‘Comfortable’ is not always best for us….or our children!

Most of us like operating within our comfort zone.

The comfort zone is a cozy space where we feel safe and familiar. While it provides a sense of security, staying within its confines is not necessarily good for us.  In the short term it can give us that dopamine hit that feels lovely but it doesn’t always serve our long term goals well to always choose what is comfortable.

This is true in many areas of our life.

Choosing the most comfortable, cushioned running shoes doesn’t tend to result in strong feet that can walk along a beach easily when you are older.

Choosing to lie on the lounge to watch TV of an evening is rarely as good for us as going to bed that little bit earlier.

We are told that choosing to sit rather than stand doesn’t support our long term health and posture.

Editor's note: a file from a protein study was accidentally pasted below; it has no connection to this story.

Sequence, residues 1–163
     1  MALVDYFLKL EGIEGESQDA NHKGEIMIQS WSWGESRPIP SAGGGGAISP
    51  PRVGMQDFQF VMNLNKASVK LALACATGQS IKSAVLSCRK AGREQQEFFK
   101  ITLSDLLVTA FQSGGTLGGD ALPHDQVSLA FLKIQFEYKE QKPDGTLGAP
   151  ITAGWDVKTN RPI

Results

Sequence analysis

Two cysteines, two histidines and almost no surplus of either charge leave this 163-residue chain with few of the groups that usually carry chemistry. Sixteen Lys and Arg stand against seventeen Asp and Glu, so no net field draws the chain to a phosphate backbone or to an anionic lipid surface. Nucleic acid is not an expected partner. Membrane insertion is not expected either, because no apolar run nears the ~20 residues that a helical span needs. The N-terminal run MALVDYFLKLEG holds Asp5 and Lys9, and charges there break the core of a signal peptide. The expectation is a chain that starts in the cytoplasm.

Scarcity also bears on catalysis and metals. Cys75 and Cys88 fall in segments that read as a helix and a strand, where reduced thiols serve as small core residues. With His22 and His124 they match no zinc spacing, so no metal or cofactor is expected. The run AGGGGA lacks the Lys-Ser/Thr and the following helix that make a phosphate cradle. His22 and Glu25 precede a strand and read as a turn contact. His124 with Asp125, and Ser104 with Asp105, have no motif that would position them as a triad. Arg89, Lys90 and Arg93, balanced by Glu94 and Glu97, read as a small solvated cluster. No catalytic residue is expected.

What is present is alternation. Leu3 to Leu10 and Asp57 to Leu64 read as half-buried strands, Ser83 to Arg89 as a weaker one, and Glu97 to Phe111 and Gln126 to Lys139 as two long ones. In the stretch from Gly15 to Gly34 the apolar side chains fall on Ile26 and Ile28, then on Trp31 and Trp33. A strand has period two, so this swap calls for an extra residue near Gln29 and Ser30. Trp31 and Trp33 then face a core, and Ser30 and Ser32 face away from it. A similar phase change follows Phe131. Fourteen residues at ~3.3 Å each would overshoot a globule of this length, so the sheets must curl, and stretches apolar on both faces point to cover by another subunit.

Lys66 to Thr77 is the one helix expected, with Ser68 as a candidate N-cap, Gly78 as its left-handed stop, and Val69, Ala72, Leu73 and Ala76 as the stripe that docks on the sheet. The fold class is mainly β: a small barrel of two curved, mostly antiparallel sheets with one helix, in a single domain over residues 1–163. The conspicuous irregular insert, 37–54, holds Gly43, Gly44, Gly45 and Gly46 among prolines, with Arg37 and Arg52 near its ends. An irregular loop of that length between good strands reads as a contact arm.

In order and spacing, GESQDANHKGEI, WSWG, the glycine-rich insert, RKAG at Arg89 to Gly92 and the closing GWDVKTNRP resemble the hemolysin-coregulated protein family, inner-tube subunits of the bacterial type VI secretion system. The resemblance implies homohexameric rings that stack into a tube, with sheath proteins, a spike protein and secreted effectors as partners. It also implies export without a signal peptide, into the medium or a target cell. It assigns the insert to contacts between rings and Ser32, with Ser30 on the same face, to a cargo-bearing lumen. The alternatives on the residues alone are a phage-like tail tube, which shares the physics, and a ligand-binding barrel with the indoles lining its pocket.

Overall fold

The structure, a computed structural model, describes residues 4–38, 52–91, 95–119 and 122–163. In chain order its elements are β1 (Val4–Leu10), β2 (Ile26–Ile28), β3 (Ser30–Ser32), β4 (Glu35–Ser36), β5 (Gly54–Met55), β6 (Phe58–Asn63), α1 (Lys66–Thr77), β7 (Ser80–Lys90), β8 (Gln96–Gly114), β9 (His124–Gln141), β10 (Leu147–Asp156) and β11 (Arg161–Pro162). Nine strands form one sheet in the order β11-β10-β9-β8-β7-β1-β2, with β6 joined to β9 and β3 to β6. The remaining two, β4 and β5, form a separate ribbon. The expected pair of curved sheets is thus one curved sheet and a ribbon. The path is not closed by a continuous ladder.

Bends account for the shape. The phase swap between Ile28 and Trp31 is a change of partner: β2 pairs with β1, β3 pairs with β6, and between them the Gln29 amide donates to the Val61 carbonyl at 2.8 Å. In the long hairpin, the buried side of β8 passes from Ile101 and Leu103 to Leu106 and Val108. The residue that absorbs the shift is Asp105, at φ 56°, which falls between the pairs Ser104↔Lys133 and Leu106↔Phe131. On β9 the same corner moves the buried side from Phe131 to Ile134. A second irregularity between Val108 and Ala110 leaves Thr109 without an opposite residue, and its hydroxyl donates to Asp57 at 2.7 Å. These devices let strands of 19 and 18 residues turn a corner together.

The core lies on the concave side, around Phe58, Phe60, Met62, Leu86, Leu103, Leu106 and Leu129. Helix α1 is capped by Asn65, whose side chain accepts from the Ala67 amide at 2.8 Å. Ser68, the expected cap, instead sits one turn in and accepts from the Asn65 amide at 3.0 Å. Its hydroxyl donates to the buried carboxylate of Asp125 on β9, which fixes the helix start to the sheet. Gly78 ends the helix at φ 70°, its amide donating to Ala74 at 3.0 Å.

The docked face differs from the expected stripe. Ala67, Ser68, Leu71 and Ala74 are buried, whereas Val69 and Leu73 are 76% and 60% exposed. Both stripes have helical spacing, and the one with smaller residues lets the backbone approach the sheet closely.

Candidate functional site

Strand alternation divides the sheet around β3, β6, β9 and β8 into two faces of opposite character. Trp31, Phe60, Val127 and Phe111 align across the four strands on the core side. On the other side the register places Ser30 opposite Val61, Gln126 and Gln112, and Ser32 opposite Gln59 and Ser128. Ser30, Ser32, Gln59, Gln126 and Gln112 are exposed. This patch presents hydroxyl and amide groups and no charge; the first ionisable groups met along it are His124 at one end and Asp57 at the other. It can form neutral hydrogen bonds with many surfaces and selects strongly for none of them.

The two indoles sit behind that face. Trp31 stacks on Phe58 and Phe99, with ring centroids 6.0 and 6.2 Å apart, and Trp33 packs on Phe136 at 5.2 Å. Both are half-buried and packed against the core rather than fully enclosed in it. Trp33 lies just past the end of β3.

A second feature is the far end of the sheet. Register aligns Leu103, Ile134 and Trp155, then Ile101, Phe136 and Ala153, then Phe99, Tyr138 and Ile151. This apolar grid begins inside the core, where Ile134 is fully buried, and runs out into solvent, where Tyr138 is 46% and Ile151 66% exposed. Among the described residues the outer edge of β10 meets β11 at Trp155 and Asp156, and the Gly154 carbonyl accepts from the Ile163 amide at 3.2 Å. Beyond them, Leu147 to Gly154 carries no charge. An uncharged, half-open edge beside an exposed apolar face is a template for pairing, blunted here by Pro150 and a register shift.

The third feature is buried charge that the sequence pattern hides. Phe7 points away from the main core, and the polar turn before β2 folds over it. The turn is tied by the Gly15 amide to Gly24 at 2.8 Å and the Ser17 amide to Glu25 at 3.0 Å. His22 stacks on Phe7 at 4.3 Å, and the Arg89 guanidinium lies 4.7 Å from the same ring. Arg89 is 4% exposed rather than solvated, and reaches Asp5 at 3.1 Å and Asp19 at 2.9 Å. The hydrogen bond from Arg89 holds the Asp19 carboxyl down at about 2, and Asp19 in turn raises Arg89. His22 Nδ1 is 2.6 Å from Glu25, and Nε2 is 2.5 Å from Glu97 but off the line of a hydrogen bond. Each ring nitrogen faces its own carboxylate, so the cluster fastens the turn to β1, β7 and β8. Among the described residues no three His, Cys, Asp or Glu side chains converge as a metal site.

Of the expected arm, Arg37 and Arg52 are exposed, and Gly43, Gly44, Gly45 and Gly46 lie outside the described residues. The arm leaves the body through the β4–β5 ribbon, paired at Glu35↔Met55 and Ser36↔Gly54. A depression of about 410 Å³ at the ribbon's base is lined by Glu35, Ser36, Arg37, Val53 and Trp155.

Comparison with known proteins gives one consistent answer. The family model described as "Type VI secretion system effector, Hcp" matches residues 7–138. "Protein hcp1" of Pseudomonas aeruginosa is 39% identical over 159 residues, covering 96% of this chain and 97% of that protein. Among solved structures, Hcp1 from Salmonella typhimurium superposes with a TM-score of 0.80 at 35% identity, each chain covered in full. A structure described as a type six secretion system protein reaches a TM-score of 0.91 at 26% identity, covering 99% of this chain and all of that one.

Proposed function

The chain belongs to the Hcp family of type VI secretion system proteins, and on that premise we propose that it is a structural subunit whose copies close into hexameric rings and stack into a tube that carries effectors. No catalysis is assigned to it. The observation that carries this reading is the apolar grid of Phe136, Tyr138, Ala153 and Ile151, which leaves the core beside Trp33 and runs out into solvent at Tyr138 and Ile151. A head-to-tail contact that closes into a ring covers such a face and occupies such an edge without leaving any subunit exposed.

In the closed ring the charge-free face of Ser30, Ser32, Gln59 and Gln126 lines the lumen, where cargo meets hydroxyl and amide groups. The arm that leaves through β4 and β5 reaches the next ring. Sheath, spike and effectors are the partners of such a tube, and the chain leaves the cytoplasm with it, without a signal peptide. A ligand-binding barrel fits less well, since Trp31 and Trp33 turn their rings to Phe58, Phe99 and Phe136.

Choosing the less healthy food options can feel great in the moment but not so great if we do this for a lifetime.

Both children and adults can fall into this trap; fearing change and avoiding new experiences.  No one likes to be uncomfortable so we naturally tend to avoid putting ourselves into these situations.

As parents, we rarely want to see our children experience tricky emotions when out of their comfort zone as we ourselves know how challenging this can be.  It is essential however that we recognise that true growth and learning occurs when we stretch ourselves beyond the boundaries of our comfort zone.  This is true not only for us but for our children.